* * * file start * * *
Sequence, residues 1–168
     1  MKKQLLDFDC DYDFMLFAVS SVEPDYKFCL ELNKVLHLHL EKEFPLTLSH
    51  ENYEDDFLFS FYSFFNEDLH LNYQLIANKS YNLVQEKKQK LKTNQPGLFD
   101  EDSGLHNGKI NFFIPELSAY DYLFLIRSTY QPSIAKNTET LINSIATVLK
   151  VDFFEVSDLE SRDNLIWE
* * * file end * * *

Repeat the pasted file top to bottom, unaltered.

Sequence, residues 1–168
     1  MKKQLLDFDC DYDFMLFAVS SVEPDYKFCL ELNKVLHLHL EKEFPLTLSH
    51  ENYEDDFLFS FYSFFNEDLH LNYQLIANKS YNLVQEKKQK LKTNQPGLFD
   101  EDSGLHNGKI NFFIPELSAY DYLFLIRSTY QPSIAKNTET LINSIATVLK
   151  VDFFEVSDLE SRDNLIWE